This module is a subclass of "Locale::Maketext", with additional support for localizing messages that already contains interpolated variables. This is most useful when the messages are returned by external sources -- for example, to match "dir: command not found" against "[_1]: command not found". Of course, this module is also useful if you're simply too lazy to use the $lh->maketext("[quant,_1,file,files] deleted.", $count); syntax, but wish to write $lh->maketext_fuzzy("$count files deleted"); instead, and have the correct plural form figured out automatically. If "maketext_fuzzy" seems too long to type for you, this module also provides a "override_maketext" method to turn all "maketext" calls into "maketext_fuzzy" calls. METHODS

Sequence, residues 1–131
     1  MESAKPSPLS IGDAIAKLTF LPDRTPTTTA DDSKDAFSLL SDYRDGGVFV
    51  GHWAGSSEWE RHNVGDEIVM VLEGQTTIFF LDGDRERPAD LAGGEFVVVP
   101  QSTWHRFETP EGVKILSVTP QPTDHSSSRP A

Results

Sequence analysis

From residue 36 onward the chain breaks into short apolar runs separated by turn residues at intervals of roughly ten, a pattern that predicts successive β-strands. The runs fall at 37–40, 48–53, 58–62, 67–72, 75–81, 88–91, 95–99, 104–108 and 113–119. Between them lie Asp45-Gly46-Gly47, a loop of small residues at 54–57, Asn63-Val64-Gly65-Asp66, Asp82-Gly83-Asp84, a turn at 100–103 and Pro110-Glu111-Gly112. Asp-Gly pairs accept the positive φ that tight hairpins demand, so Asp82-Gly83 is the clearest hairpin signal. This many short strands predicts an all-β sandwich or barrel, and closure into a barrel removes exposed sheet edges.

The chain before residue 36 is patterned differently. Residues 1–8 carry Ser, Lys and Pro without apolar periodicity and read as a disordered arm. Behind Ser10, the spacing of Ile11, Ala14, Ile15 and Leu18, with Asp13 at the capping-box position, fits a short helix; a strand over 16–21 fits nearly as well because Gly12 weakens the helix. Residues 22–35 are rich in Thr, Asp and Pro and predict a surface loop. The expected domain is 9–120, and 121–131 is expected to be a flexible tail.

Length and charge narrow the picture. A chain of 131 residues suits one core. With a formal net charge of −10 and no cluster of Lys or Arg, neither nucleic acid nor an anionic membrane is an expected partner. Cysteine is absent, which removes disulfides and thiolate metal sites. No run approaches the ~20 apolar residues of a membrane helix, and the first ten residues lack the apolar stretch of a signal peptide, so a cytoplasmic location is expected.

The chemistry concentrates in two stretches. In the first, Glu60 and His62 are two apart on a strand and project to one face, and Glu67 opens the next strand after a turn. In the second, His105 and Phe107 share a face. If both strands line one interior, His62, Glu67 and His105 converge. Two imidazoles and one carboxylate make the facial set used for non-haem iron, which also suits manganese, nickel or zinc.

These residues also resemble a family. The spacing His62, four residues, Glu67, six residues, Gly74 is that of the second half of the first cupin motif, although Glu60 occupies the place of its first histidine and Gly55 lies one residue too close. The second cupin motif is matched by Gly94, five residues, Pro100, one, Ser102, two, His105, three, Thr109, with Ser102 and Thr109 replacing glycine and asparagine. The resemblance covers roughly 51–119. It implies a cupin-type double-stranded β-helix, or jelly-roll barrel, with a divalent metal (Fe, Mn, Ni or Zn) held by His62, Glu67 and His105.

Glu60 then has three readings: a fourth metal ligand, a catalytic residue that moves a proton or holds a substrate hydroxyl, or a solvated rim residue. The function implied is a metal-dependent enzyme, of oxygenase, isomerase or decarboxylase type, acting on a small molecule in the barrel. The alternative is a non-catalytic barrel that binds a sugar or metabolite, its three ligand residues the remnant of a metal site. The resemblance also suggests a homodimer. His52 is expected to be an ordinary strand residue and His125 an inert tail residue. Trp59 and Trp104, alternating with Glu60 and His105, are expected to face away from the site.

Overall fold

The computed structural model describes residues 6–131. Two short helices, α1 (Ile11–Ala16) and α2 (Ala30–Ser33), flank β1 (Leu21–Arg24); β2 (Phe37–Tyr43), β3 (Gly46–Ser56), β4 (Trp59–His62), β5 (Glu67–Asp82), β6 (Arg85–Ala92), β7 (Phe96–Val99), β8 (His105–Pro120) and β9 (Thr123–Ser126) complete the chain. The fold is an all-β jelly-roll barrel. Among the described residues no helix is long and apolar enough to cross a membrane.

$lh->maketext_fuzzy(key[, parameters...]); That method takes exactly the same arguments as the "maketext" method of "Locale::Maketext". If key is found in lexicons, it is applied in the same way as "maketext". Otherwise, it looks at all lexicon entries that could possibly yield key, by turning "[...]" sequences into "(.*?)" and match the resulting regular expression against key. Once it finds all candidate entries, the longest one replaces the key for the real "maketext" call. Variables matched by its bracket sequences ($1, $2...) are placed before parameters; the order of variables in the matched entry are correctly preserved. For example, if the matched entry in %Lexicon is "Test [_1]", this call: $fh->maketext_fuzzy("Test string", "param"); is equivalent to this: $fh->maketext("Test [_1]", "string", "param"); However, most of the time you won't need to supply parameters to a "maketext_fuzzy" call, since all parameters are already interpolated into the string. $lh->override_maketext([flag]); If flag is true, this accessor method turns "$lh->maketext" into an alias for "$lh->maketext_fuzzy", so all consecutive "maketext" calls in the $lh's packages are automatically fuzzy. A false flag restores the original behaviour. If the flag is not specified, returns the current status of override; the default is 0 (no overriding). Note that this call only modifies the symbol table of the language class that $lh belongs to, so other languages are not affected. If you want to override all language handles in a certain application, try this: MyApp::L10N->override_maketext(1); CAVEATS